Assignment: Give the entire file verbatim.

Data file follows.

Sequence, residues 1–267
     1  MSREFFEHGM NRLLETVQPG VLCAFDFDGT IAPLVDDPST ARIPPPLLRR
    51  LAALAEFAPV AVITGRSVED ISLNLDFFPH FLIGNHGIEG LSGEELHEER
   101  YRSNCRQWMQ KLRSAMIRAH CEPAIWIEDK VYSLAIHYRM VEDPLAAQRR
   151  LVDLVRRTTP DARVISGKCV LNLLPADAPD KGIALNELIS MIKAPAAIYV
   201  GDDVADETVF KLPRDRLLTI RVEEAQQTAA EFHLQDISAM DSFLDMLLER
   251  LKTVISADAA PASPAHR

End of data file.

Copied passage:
Sequence, residues 1–267
     1  MSREFFEHGM NRLLETVQPG VLCAFDFDGT IAPLVDDPST ARIPPPLLRR
    51  LAALAEFAPV AVITGRSVED ISLNLDFFPH FLIGNHGIEG LSGEELHEER
   101  YRSNCRQWMQ KLRSAMIRAH CEPAIWIEDK VYSLAIHYRM VEDPLAAQRR
   151  LVDLVRRTTP DARVISGKCV LNLLPADAPD KGIALNELIS MIKAPAAIYV
   201  GDDVADETVF KLPRDRLLTI RVEEAQQTAA EFHLQDISAM DSFLDMLLER
   251  LKTVISADAA PASPAHR